Family life and community were priorities for the Greatest Generation. Although divorces reached a peak around 1980 and have been decreasing since, the divorce rates in the first half of the nineteenth century were still lower than today. A decline in the number of marriages started to occur in the 1970s. Around the same time, our nation began to experience a sharp increase in the number of children born outside of marriage. Marriage and family are not valued in the same way they once were.
The Greatest Generation relied on their communities. My grandfather and grandmother had an apple orchard. One year my grandfather experienced a heart attack in the middle of harvest season. The local church took up an offering for them. Members of the community picked apples and assisted with the harvest. For the Greatest Generation, the local church and the community represented the main source of charitable giving. They did not look to outside foundations with global interests or bureaucratic federal agencies to provide for their local needs. Neighbors would help neighbors.
The Greatest Generation were content. Experiencing the Great Depression, they learned to differentiate between needs and wants. In 1941, the US National debt was $989 billion. Today, it is over $31 trillion. The debt started to rise drastically around 1982. Ever since, materialism, feckless spending, corruption, and greed have caused it to spiral out of control. The ever-growing national debt and financial instability subjects our children to increasing inflation and cripples their economic opportunities.
The Greatest Generation were more in touch with the natural world. One thing I remember about my grandmother is that even into her advanced years, she was an avid gardener. During both WWI and WWII “victory gardens” were encouraged, and most American grew at least some of their own food. By 1944, small “victory gardens produced…more than 40 percent of all the fresh fruits and vegetables consumed in the United States.” Today, gardening would teach Zoomers and Alphas important life-lessons on how to grow, nurture, and cultivate while serving as an outlet for them to “reduce stress” and increase their “social connections.”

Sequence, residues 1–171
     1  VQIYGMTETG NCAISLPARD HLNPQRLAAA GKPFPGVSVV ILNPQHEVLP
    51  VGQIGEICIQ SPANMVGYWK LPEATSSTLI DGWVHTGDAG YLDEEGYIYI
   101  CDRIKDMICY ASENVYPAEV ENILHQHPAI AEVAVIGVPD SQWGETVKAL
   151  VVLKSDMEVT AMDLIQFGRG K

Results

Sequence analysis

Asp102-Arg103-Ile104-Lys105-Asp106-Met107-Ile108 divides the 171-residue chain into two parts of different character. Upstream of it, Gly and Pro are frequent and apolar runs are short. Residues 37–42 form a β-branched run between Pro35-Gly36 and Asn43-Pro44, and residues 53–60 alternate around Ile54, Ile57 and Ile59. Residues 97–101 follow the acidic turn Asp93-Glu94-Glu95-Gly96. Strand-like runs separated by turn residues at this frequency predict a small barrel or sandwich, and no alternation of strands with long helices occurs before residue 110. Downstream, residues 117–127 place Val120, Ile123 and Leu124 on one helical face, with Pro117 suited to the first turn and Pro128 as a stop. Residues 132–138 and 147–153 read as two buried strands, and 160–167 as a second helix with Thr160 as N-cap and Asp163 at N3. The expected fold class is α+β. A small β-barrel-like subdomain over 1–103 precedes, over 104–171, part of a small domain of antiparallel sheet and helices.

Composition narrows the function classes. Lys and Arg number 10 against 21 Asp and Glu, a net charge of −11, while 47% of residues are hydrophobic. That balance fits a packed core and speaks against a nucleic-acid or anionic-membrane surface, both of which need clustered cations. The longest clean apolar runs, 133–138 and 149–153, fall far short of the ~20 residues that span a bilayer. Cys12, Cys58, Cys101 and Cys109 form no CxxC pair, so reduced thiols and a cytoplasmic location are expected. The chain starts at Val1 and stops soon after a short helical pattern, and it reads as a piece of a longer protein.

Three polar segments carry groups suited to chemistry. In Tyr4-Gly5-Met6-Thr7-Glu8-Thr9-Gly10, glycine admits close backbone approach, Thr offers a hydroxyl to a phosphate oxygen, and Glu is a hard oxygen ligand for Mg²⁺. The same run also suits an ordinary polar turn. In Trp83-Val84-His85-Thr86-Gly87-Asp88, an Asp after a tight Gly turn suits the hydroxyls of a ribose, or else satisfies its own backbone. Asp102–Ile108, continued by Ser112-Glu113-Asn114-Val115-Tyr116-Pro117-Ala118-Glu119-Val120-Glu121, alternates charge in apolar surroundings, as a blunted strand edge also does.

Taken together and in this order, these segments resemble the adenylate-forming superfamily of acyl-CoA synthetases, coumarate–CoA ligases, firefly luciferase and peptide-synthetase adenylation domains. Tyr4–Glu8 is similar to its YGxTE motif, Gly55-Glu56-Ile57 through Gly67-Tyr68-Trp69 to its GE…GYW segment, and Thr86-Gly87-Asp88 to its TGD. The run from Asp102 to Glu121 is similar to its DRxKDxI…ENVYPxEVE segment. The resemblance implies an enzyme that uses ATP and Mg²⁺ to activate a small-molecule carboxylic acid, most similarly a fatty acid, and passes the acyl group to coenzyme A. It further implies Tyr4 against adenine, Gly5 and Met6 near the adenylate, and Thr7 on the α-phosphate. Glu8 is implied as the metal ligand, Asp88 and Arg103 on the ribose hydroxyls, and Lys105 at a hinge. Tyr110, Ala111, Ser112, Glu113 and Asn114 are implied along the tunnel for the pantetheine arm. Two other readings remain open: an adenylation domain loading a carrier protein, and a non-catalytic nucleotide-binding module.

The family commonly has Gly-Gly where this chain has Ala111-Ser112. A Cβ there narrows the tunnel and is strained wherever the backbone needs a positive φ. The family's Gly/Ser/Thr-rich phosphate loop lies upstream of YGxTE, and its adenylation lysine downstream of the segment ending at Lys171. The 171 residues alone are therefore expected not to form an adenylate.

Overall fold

When we think of the Greatest Generation, our minds conjure up images of valiant soldiers storming the banks of Normandy or those back at home working long hours contributing to the war effort. We think of the tight-knit, quiet families spending time together in the evenings after the war was over. It was a time when most neighborhood streets were safe enough for children to play and roam.
Today our kids are hurting, in a big way. They are being bombarded with immoral, divisive, and destructive messages. Nearly one in three girls has seriously contemplated suicide with 14% stating they have been raped. School violence, drug addictions, and mental health issues are commonplace among our children and grandchildren. The moral degradation and the sad state of our nation will require radical solutions. It will require us in love and humility to alter our beliefs and viewpoints, reevaluate our priorities and commitments–to turn back the clock and determine what was successful, what worked and what did not work. It will require us to unravel the ideology that has led to a crumbling society since the 1960s. As Americans, we are fortunate that we can look to the past to help guide our future. In doing so, may the next generation become the greatest.
Brokaw, T. (2000). The Greatest Generation Speaks: Letters and Reflections. Random House.